oel63            Linux x86 64-bit                   32    16       2     252.39

The system is, indeed, a 2-socket box. And cpuinfo is properly showing the processor model number (Opteron 6200 family). Take note as well that the tail of cpuinfo output is CPU 31 so the Operating System believes there are 32 “CPUs”. However, AWR is showing 2 sockets, a sum of 16 cores and 32 CPUs. That’s where the mystery arises. See, the Operton 6200 16-core parts (such as the 6272) are a multi-chip module (MCM) consisting of two soldered dies each with 4 “bulldozer modules.” And never forget that AMD does not do multithreading. So that’s 2x2x4 cores in each socket. However, AWR is reporting a sum of 16 cores in the box. Since there are two sockets, AWR should be reporting 2 sockets, a sum of 32 cores and 32 CPUs. Doing so would more accurately follow the convention we grew accustomed to in the pre-Intel QPI days—as was the case above with the Xeon 5400.

In summary, none of this matters much. The Operating System knows the cores are there and Oracle thinks there are 32 “CPUs”. If you should run across a 2-socket AMD Operton 6200-based system and see this oddity, well, it won’t be so odd any longer.

Multiple Multi-Core Modules on Multiple Dies Glued Together (MCM)?
…and two of them in one system? That’s the “N” In NUMA!

Can anyone guess how many NUMA nodes there are when a 2-Socket box with AMD 6272 parts is booted at the BIOS with NUMA on? Does anyone know what the model is called when one boots NUMA x64 hardware with NUMA disabled in the BIOS (or grub.conf numa=off)? Well, SUMA, of course!

My Oaktable World 2012 Video Session Is Now Online

Oaktable World 2012 was an event held during last year’s Oracle OpenWorld 2012 at a venue within walking distance of the Moscone Center. More information about Oaktable World can be found here.

The venue lent itself to good deep-technical discussions and free-thinking. However, as people who attended OpenWorld 2012 know, San Francisco was enduring near all-time record high temperatures. It must have been 98F inside the venue. The heat was only so much fun. I had to throw in a pretty nasty head cold. All of that aside, I took the podium one afternoon and was pleased to have a full house to present to.

The slides I brought touched on such topics as performance per core across generations of x64 hardware and methodologies for studying such things. I also spoke of Intel’s Turbo Boost 2.0 and how folks should add clock frequency monitoring tools to their standard bad of tricks.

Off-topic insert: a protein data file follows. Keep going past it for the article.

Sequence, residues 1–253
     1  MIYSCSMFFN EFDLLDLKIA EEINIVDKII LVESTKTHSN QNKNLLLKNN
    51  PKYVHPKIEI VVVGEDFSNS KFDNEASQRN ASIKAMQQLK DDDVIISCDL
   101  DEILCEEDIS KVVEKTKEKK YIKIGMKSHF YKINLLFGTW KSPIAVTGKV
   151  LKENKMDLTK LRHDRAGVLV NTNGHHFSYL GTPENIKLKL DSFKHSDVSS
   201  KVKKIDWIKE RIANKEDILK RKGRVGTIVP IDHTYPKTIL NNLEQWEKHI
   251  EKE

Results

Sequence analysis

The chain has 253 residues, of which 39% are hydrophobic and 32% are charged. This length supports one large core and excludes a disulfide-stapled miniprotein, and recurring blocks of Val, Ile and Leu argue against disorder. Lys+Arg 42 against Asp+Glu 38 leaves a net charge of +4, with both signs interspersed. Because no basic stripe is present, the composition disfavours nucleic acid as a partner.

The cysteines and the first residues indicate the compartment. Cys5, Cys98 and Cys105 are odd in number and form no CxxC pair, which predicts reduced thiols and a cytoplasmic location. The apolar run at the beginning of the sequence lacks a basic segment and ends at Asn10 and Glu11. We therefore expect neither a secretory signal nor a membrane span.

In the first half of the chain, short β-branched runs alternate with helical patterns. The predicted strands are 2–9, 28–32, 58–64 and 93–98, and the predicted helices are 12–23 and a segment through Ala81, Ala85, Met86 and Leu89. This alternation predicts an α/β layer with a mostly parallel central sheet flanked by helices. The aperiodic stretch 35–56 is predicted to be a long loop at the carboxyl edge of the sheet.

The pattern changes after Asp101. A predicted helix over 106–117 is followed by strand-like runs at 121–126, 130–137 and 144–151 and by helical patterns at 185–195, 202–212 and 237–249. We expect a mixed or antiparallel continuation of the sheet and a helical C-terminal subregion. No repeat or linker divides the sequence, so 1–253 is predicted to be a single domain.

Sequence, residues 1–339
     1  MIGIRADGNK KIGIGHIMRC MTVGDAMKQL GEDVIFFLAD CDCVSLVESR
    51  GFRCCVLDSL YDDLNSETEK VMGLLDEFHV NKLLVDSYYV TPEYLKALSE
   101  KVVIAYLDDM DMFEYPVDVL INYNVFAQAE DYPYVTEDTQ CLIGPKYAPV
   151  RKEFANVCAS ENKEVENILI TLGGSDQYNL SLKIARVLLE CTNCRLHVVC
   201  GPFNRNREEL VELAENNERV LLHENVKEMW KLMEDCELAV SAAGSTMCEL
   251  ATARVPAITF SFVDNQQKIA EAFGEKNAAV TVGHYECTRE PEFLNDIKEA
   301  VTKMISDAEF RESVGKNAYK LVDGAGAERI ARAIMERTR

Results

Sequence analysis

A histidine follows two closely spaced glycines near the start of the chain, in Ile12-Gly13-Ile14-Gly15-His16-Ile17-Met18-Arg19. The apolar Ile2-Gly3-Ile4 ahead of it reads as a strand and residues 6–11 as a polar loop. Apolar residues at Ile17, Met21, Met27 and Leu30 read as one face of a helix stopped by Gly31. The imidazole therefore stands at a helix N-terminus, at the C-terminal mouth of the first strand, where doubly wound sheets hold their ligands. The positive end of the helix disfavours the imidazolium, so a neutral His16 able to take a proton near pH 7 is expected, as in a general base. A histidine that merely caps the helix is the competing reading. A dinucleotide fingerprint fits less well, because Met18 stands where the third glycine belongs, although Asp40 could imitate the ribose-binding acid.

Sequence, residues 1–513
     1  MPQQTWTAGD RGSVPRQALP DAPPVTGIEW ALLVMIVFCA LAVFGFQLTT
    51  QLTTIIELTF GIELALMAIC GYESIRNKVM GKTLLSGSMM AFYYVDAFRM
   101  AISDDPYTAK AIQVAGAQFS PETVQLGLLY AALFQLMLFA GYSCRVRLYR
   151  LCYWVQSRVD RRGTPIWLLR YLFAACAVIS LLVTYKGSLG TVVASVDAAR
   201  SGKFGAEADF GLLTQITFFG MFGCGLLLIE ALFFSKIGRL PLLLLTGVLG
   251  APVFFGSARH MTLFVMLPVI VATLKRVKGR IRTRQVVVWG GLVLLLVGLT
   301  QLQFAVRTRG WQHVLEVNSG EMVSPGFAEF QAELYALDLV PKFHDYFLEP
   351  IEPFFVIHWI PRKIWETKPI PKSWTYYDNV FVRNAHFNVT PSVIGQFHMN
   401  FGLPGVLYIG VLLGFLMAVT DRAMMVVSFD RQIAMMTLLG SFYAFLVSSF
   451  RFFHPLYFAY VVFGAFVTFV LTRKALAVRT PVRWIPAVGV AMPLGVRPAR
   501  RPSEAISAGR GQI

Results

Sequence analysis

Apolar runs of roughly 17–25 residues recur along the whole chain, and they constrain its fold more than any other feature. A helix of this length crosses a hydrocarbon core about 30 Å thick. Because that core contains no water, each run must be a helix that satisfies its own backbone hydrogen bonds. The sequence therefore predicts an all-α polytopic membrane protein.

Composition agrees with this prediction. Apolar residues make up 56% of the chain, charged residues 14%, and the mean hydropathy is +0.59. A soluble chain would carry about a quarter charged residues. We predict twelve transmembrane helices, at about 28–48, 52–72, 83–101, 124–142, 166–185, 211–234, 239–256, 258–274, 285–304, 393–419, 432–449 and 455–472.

The final master of the video is the fruit of Marcin Przepiorowski’s labor. For some reason there was a lot of audio/video troubles in the master. Marcin really outdid himself to stitch all this back together. Thanks, Marcin.

So, a lot was lost from the session—to include the Q/A. However, I’d like to offer a link to the video and open this post up for questions on the material.

The video can be found here.


Using Linux Perf(1) To Analyze Database Processes – Part I

Troubleshooting Runaway Processes
Everyone reads Tanel Poder’s material—for good reason.

I took particular interest in his recent post about investigating where an apparently runaway, cpu-bound, Oracle foreground process is spending its time.  That article can be found here.

I’ve been meaning to do some blogging about analyzing Oracle execution with perf(1). I think Tanel’s post is a good segue for me to do so. You might ask, however, why I would bother attempting to add value in a space Tanel has already blogged. Well, to that I would simply say that modern systems professionals need as many tools as they can get their hands on.

Tanel, please ping me if you object, for any reason, to my direct links to your scripts.

Monitoring Window
Tanel’s approach to monitoring his cpu-bound foreground process is based on the pstack(1) utility. Once he identified the spinning process he fired off a 100 pstack commands in a loop. For each iteration, the output of pstack was piped through a text processing script (os_explain).  From my reading of that script I estimate it probably takes about 10 milliseconds to process the data flowing into it. I’m estimating here so please bear with me. If pstack execution requires zero wall clock time I think these 100 snoops at the process stack likely occur in 1 second of wall clock time. According to Tanel, the SQL takes about 23 minutes to complete. If the foreground process is looping just a small amount of code then I see no problem monitoring a small portion of its overall execution time. Since you can see what Tanel is doing you know it would be simple to grab the process every so often throughout its life and monitor the approximate 1 second with the 100 iterations of pstack. The technique and tools Tanel shares here are extensible. That is good.